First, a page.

American Institute of Physics
SEARCH AIP
home contact us sitemap

FYI Number 53: April 28, 2006

Energy Secretary Bodman on FY 2007 DOE Science Programs

"It is time for your community to step forward." - Energy Secretary Bodman

Secretary of Energy Samuel Bodman spoke at last week's AAAS Forum on Science and Technology Policy on issues of major importance to the physics community. Selections from his address follow, including the need for the science community to communicate with Congress. Some paragraphs have been combined in the interest of space. The full speech may be read at http://www.doe.gov/print/3510.htm

NATIONAL SENTIMENT REGARDING S&T:

"We are at a moment of historic challenge and historic opportunity for the nation's scientific community. A consensus is building - not unlike the one that moved the nation nearly 50 years ago - when we learned in 1957 that a Soviet space satellite called Sputnik was orbiting the earth. The consensus is that this nation must act, and act decisively, to improve mathematics and science education at all levels and expand its support for basic research and development work in the physical sciences."

INTERNATIONAL COMPETITION:

"Today, the nation faces an equally serious challenge. It can't be captured in a single stunning development like the launch of a space satellite, but the challenge is no less real. The speed and reach of the Internet and lower barriers to trade have given us a globalized economy that is changing rapidly." ". . . the long lead the U.S. has had over the rest of the world in this area is shrinking.

"Other nations have studied our success and are moving aggressively to emulate it. China . . . has gone from ranking 17th among nations in its support for in science in 1992 to 3rd today. India and South Korea are also investing heavily in science and education. And, over the next 15 years, China plans to double its national investment in science and technology research.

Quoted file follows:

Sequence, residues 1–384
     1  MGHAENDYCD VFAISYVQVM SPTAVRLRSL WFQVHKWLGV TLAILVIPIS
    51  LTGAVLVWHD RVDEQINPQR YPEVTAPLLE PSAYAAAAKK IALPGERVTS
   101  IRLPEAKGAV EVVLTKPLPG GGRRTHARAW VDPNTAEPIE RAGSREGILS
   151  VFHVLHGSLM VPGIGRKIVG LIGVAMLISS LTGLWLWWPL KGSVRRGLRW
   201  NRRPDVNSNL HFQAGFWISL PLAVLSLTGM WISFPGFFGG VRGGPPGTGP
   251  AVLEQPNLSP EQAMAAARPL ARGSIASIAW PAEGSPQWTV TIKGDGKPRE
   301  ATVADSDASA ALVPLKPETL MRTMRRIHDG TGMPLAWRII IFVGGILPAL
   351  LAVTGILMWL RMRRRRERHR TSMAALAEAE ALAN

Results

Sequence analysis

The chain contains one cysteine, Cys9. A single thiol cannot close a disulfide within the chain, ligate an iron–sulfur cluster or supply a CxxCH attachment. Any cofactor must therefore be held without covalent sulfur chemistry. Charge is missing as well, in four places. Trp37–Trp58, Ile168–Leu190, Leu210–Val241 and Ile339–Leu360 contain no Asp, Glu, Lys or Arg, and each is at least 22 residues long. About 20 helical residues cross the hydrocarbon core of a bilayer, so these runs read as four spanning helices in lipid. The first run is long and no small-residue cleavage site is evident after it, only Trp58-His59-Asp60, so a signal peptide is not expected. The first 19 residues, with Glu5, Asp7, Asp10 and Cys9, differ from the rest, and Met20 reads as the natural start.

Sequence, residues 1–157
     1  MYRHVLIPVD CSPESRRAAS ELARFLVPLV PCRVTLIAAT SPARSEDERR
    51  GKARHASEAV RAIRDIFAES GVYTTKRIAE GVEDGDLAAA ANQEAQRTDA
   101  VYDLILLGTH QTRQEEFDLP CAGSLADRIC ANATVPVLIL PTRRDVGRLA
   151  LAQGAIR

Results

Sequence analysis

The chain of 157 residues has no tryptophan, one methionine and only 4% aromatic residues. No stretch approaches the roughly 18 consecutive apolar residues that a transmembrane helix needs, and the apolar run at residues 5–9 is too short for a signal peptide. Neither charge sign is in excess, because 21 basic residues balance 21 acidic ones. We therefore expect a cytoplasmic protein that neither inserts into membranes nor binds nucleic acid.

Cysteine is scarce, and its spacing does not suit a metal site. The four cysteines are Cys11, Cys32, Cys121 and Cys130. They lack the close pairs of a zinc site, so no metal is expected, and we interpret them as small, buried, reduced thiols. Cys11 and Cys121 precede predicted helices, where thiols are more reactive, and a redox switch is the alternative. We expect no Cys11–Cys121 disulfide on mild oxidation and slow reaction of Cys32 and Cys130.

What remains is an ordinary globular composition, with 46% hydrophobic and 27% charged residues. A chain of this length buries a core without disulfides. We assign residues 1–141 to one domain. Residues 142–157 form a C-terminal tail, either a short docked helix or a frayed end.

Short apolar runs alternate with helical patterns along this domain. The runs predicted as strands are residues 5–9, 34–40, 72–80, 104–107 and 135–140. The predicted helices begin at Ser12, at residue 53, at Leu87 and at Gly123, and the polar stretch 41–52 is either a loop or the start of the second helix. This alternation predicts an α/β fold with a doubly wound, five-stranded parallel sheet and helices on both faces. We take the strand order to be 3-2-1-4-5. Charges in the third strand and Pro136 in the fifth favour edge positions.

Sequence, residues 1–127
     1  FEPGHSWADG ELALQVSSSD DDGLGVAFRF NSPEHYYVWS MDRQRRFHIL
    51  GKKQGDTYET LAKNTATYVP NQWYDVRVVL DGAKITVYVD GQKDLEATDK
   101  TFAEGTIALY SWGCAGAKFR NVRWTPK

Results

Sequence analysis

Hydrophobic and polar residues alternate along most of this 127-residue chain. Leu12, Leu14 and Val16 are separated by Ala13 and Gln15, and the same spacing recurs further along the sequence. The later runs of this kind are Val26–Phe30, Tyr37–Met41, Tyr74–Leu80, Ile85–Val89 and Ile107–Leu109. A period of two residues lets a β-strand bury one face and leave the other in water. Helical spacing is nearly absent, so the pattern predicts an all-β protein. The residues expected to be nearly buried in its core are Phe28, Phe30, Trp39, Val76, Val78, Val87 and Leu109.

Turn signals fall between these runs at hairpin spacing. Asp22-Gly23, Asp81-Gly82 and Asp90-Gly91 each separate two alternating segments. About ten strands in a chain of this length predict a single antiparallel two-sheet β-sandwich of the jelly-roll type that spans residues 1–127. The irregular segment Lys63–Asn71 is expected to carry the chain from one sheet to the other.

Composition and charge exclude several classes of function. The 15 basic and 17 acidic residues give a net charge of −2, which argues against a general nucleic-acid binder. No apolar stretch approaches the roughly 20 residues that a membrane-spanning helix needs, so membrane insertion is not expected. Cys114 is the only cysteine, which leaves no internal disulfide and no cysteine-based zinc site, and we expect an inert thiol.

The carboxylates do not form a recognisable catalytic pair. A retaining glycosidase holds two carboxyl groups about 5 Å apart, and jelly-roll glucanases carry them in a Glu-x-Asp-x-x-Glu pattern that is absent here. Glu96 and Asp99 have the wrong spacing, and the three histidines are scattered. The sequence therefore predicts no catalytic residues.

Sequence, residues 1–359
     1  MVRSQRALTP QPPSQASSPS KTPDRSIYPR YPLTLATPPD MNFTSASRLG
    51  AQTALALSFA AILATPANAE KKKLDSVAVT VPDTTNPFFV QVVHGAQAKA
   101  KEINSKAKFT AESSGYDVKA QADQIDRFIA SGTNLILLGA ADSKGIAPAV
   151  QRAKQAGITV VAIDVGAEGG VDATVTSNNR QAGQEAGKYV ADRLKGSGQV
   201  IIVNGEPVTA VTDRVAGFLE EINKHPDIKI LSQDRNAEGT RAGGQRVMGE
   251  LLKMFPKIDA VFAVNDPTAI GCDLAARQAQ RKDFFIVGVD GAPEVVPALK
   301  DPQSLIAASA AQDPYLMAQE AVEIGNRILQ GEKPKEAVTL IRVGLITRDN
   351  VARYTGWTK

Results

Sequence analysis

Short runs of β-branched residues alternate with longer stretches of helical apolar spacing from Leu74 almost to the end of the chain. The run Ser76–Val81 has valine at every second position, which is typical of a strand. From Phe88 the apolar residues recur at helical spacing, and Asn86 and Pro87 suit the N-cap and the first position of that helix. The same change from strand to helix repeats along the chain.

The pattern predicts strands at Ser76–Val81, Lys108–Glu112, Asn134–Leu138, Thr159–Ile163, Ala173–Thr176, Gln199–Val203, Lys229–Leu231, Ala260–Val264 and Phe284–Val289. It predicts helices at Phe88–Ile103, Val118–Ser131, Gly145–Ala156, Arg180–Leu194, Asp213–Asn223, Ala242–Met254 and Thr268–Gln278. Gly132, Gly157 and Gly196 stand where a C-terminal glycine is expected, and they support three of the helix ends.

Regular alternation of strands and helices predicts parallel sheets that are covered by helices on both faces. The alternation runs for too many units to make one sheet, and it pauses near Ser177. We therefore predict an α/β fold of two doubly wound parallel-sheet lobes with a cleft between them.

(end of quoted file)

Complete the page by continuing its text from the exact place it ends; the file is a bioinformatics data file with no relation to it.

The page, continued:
"Meanwhile, here at home, according to the National Science Board, only 15% of college students now choose to pursue degrees in science and engineering, compared with 38% in South Korea, 47% in France, 50% in China and 67% in Singapore. Even more disturbing, the Board has reported the number of bachelor's degrees in engineering awarded in the U.S. fell 8% between 1990 and 2000, and the number of mathematics degrees dropped 20%."

PHYSICAL AND LIFE SCIENCES FUNDING:

"Under President Bush, federal support for research in the life sciences has continued to climb. In fact, it doubled between 1998 and 2003. But over the last decade, federal support for research and development work in the physical sciences has remained essentially flat.

"The long-term result if these trends are left to run their course is not in question. The leadership in science and technology that the U.S. currently enjoys could be put at risk with negative consequences for our economy."

"The President recognizes this threat and has spoken out strongly. The future he sees is one in which this nation remains at the center of research and development and on the leading edge of technological change." "That is why he proposed the American Competitiveness Initiative [ACI] to strengthen support for research and development work in the physical sciences throughout the federal government and for mathematics and science education at all levels."

ACI AND DOE OFFICE OF SCIENCE PROGRAMS:

"The Department, through its Office of Science, already provides more than 40% of all federal support for research in the physical sciences. Next year, ACI would boost the funding for the Office of Science by $505 million, a 14.1% increase that will bring its total budget to $4.1 billion.

"We have carefully weighed the choices on what areas to give priority and we have singled out those that hold the greatest potential for significant advances. "When I joined the Department a little over a year ago, it appeared that many of our research projects had limitless timetables and lacked measurable results. I have reminded the leadership of our Office of Science that I am 67 years old. You can study the actuarial tables and agree that I might be around for another 20 years or so. I have advised my colleagues that I'd like to see tangible results from these projects in MY lifetime. So we are focusing on targeted sectors that we believe have the greatest potential. "Those sectors include supercomputers, nanotechnology, high-intensity light sources, energy from biomass and nuclear fusion. We are also increasing our support for both high-energy and nuclear physics."